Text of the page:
Louise Brown, born 37 years ago in England, was the first human ever conceived from in vitro fertilization (IVF). At that time, infertility was rarely discussed openly and there were limited treatment options. Since then, major advances in fertility treatment have improved pregnancy success rates and made it more accessible and mainstream. Today, IVF is among the most common fertility treatments, and it may be the answer to your family planning needs. Despite its increasing public attention, there are still many IVF misconceptions floating around:
Myth: IVF causes cancer.
Medical studies to date have concluded that fertility drugs are not linked to the development of ovarian, breast, or endometrial cancer. There are some reports suggesting a possible association with borderline ovarian tumors; however, these malignancies are indolent (cause little or no pain) and have excellent prognosis with preservation of fertility. In fact, the American Society for Reproductive Medicine (ASRM) considers it safe for ovarian stimulation to occur at least six times.
Myth: IVF will always end in pregnancy.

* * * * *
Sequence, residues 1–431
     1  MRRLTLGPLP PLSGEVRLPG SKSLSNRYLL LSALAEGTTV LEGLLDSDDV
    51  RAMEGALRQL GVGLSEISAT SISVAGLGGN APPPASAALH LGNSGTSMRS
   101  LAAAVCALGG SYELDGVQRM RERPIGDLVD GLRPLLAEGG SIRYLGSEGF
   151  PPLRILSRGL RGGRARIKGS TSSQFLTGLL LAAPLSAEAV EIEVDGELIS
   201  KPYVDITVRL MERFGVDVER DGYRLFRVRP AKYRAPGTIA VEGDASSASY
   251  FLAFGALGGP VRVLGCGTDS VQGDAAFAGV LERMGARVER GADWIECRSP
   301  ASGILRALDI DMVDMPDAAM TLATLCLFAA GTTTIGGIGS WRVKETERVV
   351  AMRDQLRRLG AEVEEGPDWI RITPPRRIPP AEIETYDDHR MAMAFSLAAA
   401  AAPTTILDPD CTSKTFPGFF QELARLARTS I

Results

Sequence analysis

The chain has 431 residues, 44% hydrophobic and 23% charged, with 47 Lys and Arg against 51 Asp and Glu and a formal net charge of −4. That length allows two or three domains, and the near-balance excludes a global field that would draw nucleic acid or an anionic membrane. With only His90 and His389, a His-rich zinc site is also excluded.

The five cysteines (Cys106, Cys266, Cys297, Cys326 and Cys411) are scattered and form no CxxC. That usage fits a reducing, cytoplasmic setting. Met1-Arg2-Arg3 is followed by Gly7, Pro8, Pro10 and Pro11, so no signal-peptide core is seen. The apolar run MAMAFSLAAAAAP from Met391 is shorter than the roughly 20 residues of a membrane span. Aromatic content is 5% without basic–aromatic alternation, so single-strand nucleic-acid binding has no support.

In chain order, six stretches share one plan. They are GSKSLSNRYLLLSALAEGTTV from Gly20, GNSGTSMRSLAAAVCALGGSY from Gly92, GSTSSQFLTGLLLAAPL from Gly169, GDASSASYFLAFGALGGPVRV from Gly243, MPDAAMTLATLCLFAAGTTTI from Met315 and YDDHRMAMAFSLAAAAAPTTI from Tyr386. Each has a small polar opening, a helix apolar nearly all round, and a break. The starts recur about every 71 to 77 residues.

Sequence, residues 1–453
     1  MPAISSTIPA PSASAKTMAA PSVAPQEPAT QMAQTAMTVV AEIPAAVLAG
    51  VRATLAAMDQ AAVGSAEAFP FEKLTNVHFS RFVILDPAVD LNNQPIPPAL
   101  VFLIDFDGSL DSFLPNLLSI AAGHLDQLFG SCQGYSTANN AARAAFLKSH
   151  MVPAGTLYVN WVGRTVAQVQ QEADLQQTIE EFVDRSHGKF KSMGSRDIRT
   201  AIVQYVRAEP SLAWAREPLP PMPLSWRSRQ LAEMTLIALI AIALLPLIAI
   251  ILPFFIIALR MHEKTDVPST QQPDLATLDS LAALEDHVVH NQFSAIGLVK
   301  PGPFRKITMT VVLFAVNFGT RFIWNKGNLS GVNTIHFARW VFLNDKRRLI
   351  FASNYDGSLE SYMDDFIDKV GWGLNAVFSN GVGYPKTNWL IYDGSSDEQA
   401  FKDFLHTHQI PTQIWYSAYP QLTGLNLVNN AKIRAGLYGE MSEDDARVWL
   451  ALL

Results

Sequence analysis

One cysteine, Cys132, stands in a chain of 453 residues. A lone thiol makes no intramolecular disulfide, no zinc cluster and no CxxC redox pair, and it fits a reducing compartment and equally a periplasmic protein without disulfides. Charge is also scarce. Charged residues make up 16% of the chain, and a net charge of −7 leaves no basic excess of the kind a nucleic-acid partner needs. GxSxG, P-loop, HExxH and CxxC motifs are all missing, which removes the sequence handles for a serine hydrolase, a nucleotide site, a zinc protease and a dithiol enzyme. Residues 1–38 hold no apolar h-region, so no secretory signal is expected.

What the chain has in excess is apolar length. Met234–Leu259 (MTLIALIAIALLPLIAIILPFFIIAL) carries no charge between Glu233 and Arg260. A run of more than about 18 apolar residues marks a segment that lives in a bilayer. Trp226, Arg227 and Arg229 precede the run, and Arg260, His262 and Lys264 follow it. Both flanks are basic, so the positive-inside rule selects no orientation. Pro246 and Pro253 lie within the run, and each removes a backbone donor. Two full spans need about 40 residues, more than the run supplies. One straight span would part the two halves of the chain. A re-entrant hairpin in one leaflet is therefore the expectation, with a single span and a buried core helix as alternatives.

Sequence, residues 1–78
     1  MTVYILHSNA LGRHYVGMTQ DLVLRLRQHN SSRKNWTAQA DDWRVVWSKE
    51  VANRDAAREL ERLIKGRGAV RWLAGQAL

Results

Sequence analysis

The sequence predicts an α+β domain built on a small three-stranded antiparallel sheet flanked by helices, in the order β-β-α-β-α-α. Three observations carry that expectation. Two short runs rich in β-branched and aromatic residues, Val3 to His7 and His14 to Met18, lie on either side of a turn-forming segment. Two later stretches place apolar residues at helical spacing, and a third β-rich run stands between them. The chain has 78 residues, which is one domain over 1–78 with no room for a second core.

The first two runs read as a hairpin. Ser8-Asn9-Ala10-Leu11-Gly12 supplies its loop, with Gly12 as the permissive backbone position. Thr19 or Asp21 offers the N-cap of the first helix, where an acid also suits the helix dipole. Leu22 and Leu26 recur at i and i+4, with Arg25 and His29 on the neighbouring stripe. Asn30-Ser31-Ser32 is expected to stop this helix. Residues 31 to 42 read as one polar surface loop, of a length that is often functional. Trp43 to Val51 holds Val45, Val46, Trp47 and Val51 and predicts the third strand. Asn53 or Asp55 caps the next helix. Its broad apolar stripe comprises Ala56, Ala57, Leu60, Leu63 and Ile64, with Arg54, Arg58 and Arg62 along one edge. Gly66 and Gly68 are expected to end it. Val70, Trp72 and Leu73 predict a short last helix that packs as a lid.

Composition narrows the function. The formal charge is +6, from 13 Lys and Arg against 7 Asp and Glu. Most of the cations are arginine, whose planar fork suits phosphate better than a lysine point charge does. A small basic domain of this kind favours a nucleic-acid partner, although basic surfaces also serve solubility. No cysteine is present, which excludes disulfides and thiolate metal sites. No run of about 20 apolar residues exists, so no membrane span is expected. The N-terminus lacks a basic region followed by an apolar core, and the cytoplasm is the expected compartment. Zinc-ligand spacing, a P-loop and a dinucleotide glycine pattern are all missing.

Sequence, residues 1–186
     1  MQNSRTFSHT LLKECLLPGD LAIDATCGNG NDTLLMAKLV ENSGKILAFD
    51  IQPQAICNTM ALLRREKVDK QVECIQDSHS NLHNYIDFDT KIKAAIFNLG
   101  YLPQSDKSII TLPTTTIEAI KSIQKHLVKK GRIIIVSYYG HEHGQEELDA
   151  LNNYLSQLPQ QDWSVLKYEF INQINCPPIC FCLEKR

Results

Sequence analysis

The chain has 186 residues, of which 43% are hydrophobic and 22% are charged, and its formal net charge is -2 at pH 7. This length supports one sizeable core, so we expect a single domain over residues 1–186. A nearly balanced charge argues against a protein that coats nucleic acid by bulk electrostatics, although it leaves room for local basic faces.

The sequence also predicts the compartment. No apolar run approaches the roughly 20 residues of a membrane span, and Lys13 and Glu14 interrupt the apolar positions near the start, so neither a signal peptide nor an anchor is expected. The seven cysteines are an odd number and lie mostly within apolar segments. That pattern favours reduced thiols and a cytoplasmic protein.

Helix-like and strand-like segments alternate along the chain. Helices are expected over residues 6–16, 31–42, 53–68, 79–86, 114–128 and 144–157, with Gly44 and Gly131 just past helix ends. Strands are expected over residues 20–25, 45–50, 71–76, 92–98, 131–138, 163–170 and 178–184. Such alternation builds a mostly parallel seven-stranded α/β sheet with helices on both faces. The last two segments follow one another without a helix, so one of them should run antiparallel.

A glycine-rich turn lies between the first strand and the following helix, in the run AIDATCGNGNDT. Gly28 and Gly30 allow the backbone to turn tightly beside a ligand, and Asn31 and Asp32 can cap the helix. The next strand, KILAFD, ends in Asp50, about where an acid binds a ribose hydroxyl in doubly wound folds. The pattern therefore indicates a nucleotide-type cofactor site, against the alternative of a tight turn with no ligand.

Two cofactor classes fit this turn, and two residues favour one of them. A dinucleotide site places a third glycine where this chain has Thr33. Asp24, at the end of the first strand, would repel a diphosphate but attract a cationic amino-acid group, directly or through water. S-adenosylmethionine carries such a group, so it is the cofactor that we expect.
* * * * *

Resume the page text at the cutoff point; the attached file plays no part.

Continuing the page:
Unfortunately, this is not true. The success of IVF depends upon multiple factors, including the age of the woman and the number and quality of embryos transferred. Women 35 and under have a 41 percent chance of conception, and this percentage decreases the older the woman gets.
Myth: You will have twins, triplets, or more.
IVF is the only fertility treatment that allows control for how many embryos are implanted–you and your doctor determine how many embryos will be transferred into your uterus. If you choose to have a single embryo transferred, then it would be rare for you to have twins or triplets. There is the possibility that the embryo could split resulting in twins; however, there is no guarantee your embryo will successfully implant into the uterine lining the first time around. This is why many women, especially those who are unable to afford two or more cycles, often opt to have more than one embryo transferred, sometimes resulting in multiple gestation.
Myth: IVF diminishes your ovarian reserve.
Every month, a woman’s body prepares several eggs that may develop, typically with just one that is mature enough to produce a pregnancy. With IVF, all the eggs that are naturally prepared that month are stimulated so they all get an opportunity to mature, which in turn does not diminish your ovarian reserve or impair your future fertility.
Interested in learning more about preserving your fertility? Contact The Fertility Preservation in Pittsburgh today.